Why public health agencies cannot depend on good laboratory practices as a criterion for selecting data: The case of bisphenol A

John Peterson Myers, Frederick S. vom Saal, Benson T. Akingbemi, Koji Arizono, Scott Belcher, Theo Colborn, Ibrahim Chahoud, D. Andrew Crain, Francesca Farabollini, Louis J. Guillette, Terry Hassold, Shuk Mei Ho, Patricia A. Hunt, Taisen Iguchi, Susan Jobling, Jun Kanno, Hans Laufer, Michele Marcus, John A. McLachlan, Angel NadalJörg Oehlmann, Nicolás Olea, Paola Palanza, Stefano Parmigiani, Beverly S. Rubin, Gilbert Schoenfelder, Carlos Sonnenschein, Ana M. Soto, Chris E. Talsness, Julia A. Taylor, Laura N. Vandenberg, John G. Vandenbergh, Sarah Vogel, Cheryl S. Watson, Wade V. Welshons, R. Thomas Zoeller

Research output: Contribution to journalArticlepeer-review

216 Scopus citations


Background: In their safety evaluations of bisphenol A (BPA), the U.S. Food and Drug Administration (FDA) and a counterpart in Europe, the European Food Safety Authority (EFSA), have given special prominence to two industry-funded studies that adhered to standards defined by Good Laboratory Practices (GLP). These same agencies have given much less weight in risk assessments to a large number of independently replicated non-GLP studies conducted with government funding by the leading experts in various fields of science from around the world. Objectives: We reviewed differences between industry-funded GLP studies of BPA conducted by commercial laboratories for regulatory purposes and non-GLP studies conducted in academic and government laboratories to identify hazards and molecular mechanisms mediating adverse effects. We examined the methods and results in the GLP studies that were pivotal in the draft decision of the U.S. FDA declaring BPA safe in relation to findings from studies that were competitive for U.S. National Institutes of Health (NIH) funding, peer-reviewed for publication in leading journals, subject to independent replication, but rejected by the U.S. FDA for regulatory purposes. Discussion: Although the U.S. FDA and EFSA have deemed two industry-funded GLP studies of BPA to be superior to hundreds of studies funded by the U.S. NIH and NIH counterparts in other countries, the GLP studies on which the agencies based their decisions have serious conceptual and methodologic flaws. In addition, the U.S. FDA and EFSA have mistakenly assumed that GLP yields valid and reliable scientific findings (i.e., "good science"). Their rationale for favoring GLP studies over hundreds of publically funded studies ignores the central factor in determining the reliability and validity of scientific findings, namely, independent replication, and use of the most appropriate and sensitive state-of-the-art assays, neither of which is an expectation of industry-funded GLP research. Conclusions: Public health decisions should be based on studies using appropriate protocols with appropriate controls and the most sensitive assays, not GLP. Relevant NIH-funded research using state-of-the-art techniques should play a prominent role in safety evaluations of chemicals.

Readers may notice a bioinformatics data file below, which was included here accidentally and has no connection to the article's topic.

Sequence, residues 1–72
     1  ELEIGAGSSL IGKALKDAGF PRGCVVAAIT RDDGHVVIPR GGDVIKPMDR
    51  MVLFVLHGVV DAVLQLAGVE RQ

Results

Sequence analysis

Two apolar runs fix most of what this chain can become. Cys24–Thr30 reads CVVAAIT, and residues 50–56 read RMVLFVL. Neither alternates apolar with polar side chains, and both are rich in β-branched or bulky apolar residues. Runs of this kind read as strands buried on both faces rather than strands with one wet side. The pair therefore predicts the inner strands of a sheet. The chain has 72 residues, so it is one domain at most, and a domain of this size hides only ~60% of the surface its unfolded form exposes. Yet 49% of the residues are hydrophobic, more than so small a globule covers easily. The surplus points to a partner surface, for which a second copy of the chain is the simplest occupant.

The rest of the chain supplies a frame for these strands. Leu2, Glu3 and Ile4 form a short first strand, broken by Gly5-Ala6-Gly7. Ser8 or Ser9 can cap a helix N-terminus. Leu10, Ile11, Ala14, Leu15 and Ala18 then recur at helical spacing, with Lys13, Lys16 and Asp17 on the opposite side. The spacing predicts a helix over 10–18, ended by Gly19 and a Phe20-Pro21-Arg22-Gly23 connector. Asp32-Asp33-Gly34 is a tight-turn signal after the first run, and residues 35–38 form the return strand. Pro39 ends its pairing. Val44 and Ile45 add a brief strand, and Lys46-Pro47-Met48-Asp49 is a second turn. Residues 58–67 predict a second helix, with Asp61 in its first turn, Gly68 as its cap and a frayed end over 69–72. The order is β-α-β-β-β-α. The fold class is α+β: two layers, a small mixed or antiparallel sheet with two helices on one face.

Original languageEnglish (US)
Pages (from-to)309-315
Number of pages7
JournalEnvironmental health perspectives
Issue number3
StatePublished - 2009
Externally publishedYes


  • Bisphenol A
  • Endocrine disruptors
  • FDA
  • Food and Drug Administration
  • GLP
  • Good laboratory practices
  • Low-dose
  • Nonmonotonic
  • Positive control

ASJC Scopus subject areas

  • Public Health, Environmental and Occupational Health
  • Health, Toxicology and Mutagenesis


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